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Western to offer Women’s Entrepreneurial Leadership Certificate

Course will be taught by Western alumna and Artemis Connection CEO Christy Johnson

Two women working on their laptops by the window of a building. Western’s new certificate in Women’s Entrepreneurial Leadership helps women gain valuable skills in the world of entrepreneurship. // Courtesy of WOCinTech via Flickr

Western Washington University will offer a new certificate in Women’s Entrepreneurial Leadership during the upcoming academic year. 

Christy Johnson, the CEO of Artemis Connection, will instruct the program, which will explore the fundamentals of entrepreneurship needed to build and operate a successful business.

The course teaches students to develop business model canvases, as well as pitches. A canvas is a framework for understanding a business model, while a pitch is a verbal presentation directed towards potential investors. 

Johnson said 71% of students launch something within a month of course completion. 

“This is a very immersive, hands-on class,” Johnson said. 

In addition to her love for teaching, Johnson said she was inspired to teach the course because many entrepreneurship programs were taught by men and didn’t offer examples that resonated with her. 

Although this program is a good opportunity for women pursuing entrepreneurship, women in business weren’t always treated as fairly as today. 

“Women were left out of entrepreneurship on a large-scale.” Susan Perreault, director of Washington Women’s Business Center at Business Impact NW said, “Think of it this way, 33 years ago women could not get business credit under their own name, they had to have a male relative or husband co-sign a business loan.” 

In 1988, the Women’s Business Ownership Act was passed to help women in business, eliminating some discriminatory practices.

“Women business owners are closing the achievement gap with their male counterparts,” Perreault said. 

Perreault said women-owned businesses have been growing in recent years, representing 42% of all small businesses, employing 9.4 million workers, and generating $1.8 trillion in revenue as of 2019

Johnson said the program helps students gain confidence, a sense of agency and will offer tips for women facing common barriers in the workplace. 

“In this class, we talk about how empowered women empower other women, and that’s what we need a lot more of,” Johnson said.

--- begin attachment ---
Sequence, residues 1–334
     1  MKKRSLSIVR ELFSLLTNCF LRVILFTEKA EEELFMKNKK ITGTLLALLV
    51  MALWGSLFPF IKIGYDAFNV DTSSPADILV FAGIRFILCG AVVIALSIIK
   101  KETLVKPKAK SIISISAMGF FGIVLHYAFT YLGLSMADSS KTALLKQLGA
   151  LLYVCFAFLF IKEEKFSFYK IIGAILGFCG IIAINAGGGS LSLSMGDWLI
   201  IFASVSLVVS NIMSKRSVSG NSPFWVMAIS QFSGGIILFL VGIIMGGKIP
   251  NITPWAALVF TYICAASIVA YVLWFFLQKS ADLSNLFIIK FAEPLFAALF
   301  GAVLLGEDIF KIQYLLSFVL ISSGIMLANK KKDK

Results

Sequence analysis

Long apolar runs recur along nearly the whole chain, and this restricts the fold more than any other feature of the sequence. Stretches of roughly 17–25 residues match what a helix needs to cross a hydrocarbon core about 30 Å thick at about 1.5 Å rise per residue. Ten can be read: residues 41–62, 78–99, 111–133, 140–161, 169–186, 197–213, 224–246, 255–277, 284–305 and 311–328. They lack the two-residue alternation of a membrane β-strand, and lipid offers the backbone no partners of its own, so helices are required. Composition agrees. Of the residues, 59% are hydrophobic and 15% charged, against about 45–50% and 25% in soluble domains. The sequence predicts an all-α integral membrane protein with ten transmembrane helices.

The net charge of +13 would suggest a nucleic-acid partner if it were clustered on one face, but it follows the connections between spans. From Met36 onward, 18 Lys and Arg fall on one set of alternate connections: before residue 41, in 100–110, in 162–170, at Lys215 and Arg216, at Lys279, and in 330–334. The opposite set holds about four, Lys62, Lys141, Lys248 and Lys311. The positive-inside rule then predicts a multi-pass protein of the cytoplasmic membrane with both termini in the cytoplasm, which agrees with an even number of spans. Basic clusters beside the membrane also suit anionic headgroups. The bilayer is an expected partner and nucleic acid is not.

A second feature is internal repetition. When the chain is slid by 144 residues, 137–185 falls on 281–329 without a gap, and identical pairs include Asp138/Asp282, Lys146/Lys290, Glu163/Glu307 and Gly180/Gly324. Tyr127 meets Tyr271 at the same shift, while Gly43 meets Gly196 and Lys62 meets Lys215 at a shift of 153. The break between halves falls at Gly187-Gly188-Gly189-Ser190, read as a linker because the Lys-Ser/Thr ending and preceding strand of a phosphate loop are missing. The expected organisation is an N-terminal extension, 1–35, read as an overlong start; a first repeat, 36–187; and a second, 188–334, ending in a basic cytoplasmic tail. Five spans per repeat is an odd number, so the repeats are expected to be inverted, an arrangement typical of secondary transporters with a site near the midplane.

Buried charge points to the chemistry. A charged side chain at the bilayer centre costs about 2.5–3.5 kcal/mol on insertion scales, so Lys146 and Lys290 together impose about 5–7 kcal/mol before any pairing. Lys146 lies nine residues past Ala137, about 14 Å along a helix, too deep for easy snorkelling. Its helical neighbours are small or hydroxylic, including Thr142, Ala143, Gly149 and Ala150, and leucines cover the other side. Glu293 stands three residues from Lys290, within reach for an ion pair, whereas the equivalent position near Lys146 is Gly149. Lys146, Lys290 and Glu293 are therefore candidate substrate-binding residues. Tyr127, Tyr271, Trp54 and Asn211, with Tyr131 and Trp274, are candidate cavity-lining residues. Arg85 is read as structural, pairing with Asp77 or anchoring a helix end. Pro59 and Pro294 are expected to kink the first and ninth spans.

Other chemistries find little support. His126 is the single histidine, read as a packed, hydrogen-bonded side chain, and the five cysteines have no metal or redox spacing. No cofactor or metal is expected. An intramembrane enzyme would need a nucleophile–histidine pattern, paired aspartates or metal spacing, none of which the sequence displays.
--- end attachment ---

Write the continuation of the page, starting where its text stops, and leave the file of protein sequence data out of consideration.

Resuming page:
Johnson said there aren’t prerequisites for the program and you don’t need a background in business, finance or economics to take the course. Students with any amount of experience may enroll in the program.

Taught on Saturdays, class sessions at Western will be online during fall quarter, and in-person at the Everett University Center during winter quarter. 

Johnson said networking and forming relationships with other action-oriented individuals is another focus of the course.

“You have so many people wanting you to be successful and really celebrating you,” Johnson said. “You get to connect with those folks and get their advice,”

After majoring in mathematics and economics at Western Washington University, Johnson received her master’s in business administration and master’s in education from Stanford University. Johnson worked for two other startups before founding Artemis Connection. 

“This [certificate] is crucial,” said Tori Corkum, a student minoring in entrepreneurship and innovation, “This means that a woman who has something beautiful and precious to bring to the world will have the means to do it.”

According to Outreach and Continuing Education at Western, students will not receive college credit for the course, nor will financial aid be available. However, nationally recognized Continuing Education Units will be awarded to those completing the program.

An online information session for the certificate program will be held Thursday, July 29 from 12-1 p.m.

Jasper Summy

  Jasper Summy is a senior majoring in Business Administration with concentrations in both operations management and finance, as well as a minor in public relations. He covers administrative decisions at WWU for The Front’s news team. He can be contacted at

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